I was soooo ready to step off that cruise ship but it didn’t bring me joy. My body kept bouncing on the inside. You have heard of sea legs, right? Well, I kept them after we stepped on land. It’s typical for this to happen but it goes away quickly for most people. But I have never been that average. I always have to do things a little differently, from everyone else. Haha!
Time to see a doctor
Three months later, I’m still having these bouncy feelings. Thankfully, no spinning rooms, I just felt like I was still sitting on that tender boat; bouncing, bouncing along. The only time I actually felt better was riding in a car which is kind of ironic. Before this, I was always the one to have motion sickness.
My PCP had no idea what was going on so he sent me to an ENT. We did several tests and ruled out major possibilities. He “landed” on disembarkment syndrome. It’s rare, but people acquire this and live with it for years. That would be me.
MORE SYMPTOMS ARRIVE
Two more months bounce by until I woke up one morning in July with a crick in my neck. I could barely turn my neck. Driving was getting a bit dangerous. I would have my daughter always watching that I didn’t move into another lane and run someone of the road. Finally, I decide to visit my chiropractor. I was dumb enough to say let’s not do an x-ray this time. But when he tried to do an adjustment, nothing would move. Until, it did, causing so much pain.
In August, I had an episode at church leading the children’s choir. I lost my breath and all energy. Turns out my thyroid numbers were completely off. I had missed a few days of medication waiting for a renewal but my doctor said, it shohuldn’t have caused a problem that quickly.
Still bouncing from day to day, I managed to feel fair enough until that Sunday in September. I lay down for a short nap. Or I should say I tried to lay down. I didn’t get down to the bed before my lower back began to pulse with contraction-like pains. The slightest movement would initiate the contracting again. So, we were back to the doctor again. This time needing a couple men from church to carry me down the stairs and help me into the car. How embarrassing! My doctor couldn’t see any issues so he prescribed a tritation pack of prednisone. That stuff is great!
But it didn’t last. As soon as I started tritating back down, the pain returned. In October, we bounced from one medication to another trying to find something that would make a difference. (Cymbalta, Lyrica, Gabapentin, Tramadol) Nothing helped.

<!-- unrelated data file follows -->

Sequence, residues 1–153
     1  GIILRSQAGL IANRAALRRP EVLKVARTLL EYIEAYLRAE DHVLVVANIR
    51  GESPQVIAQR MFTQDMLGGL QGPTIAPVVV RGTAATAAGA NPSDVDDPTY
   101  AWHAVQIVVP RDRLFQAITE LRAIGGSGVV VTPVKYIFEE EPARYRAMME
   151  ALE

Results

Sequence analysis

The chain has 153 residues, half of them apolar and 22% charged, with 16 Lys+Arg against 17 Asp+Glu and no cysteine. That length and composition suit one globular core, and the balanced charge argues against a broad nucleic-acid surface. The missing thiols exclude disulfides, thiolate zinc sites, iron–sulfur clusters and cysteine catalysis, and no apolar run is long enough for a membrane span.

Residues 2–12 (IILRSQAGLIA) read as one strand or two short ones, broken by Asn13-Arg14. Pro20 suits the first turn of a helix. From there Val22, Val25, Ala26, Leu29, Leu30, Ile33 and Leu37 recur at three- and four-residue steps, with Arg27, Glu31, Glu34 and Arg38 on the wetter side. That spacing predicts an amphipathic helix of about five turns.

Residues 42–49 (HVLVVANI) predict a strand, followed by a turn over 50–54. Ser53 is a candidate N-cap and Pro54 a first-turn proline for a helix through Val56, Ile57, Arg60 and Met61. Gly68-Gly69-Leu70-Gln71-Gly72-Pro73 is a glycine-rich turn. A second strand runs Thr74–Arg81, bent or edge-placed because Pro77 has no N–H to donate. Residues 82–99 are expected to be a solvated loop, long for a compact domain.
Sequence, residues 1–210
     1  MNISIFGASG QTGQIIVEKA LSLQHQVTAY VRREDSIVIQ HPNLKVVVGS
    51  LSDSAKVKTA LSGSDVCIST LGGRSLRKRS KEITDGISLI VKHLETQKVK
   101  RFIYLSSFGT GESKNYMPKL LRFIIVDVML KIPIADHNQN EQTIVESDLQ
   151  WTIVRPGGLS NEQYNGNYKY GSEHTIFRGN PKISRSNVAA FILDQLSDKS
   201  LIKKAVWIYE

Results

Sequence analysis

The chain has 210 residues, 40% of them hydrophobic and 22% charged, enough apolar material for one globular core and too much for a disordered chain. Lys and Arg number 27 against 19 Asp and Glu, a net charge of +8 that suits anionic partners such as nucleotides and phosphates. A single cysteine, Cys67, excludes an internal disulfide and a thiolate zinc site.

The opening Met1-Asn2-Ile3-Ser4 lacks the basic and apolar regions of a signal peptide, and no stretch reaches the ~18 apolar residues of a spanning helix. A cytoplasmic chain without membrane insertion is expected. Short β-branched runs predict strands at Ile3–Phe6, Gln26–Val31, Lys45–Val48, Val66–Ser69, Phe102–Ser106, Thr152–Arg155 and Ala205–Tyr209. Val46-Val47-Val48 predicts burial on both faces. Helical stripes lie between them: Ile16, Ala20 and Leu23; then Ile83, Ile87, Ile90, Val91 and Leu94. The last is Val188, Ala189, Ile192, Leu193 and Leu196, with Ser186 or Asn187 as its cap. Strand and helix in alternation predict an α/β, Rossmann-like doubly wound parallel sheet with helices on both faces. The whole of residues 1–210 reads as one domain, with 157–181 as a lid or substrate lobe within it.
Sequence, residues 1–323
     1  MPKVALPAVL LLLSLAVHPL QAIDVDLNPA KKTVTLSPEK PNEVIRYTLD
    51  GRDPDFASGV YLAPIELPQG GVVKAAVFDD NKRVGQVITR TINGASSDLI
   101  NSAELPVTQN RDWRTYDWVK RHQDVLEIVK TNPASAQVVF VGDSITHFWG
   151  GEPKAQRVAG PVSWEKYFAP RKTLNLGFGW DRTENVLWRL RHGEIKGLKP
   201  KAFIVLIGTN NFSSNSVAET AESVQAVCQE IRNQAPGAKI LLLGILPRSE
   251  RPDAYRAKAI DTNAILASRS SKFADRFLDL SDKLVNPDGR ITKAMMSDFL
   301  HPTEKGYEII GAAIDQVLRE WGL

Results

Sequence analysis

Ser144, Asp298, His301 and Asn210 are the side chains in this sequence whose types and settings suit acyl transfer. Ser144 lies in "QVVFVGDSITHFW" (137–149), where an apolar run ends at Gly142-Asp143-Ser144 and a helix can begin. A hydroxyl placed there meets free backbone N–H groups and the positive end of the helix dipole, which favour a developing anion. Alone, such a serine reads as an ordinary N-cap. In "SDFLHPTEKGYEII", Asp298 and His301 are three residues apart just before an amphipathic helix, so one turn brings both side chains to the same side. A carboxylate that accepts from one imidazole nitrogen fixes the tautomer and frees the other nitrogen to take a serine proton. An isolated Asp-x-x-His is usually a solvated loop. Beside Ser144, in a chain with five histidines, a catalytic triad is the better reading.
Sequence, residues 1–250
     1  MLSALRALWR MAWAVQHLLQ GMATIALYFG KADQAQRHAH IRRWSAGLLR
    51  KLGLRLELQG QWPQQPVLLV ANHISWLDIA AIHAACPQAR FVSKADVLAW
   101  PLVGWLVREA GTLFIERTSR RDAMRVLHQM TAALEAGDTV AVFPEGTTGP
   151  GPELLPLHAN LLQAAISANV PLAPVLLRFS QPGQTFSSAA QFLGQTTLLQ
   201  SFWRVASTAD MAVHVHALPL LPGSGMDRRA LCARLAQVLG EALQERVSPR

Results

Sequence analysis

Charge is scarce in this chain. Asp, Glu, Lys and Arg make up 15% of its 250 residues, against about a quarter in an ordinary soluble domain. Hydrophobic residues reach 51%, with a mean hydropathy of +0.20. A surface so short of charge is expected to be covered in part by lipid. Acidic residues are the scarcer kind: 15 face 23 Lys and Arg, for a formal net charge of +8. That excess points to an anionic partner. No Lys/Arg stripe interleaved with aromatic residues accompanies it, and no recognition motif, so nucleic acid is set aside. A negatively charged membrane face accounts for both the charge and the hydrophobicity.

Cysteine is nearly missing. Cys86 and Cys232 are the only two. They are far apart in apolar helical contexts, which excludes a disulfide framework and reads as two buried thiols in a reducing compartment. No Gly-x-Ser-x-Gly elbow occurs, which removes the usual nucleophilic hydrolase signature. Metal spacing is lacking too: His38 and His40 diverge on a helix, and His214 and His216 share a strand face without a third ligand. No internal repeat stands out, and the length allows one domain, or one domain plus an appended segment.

Next, I was sent to a rheumatologist which is a subspecialist in the nonsurgical treatment of rheumatic illnesses, including autoimmune diseases and especially the many forms of arthritis and joint disease. Tons of blood work baffled him. My labs were all over the place and he could not make a diagnosis. He opted for a second opinion at Mayo Clinic in Jacksonville. Mayo Clinic is an awesome, amazing place but it takes months to get in. I wasn’t excited about waiting with all this pain.
Be Still is Not Always a Good Thing
Toward the end of the month, my leg began to swell every time I got out of bed to the point that I couldn’t put my foot on the ground. So back to the doctor we go. This time after an ultrasound on the leg, I was admitted to the hospital for observation and getting shots in the stomach for a DVT (Deep Vein Thrombosis) better known at a blood clot. I had to learn to do these injections in my stomach twice a day. No fun!
Bouncing back home
I was released from the hospital in time for my 50th birthday which basically go by unnoticed. Welcome to old age!
We’ll stop here for now; but my Mayo Clinic experience has already be written and you can keep reading here.
Pastor’s Wife (retired) & Chronic Pain Warrior blogs about how to make it through anything by relating her own life experiences to her writing. She is passionate about her love for the Lord and desires to spread that passion to others. She has a great desire to encourage women who are following behind her.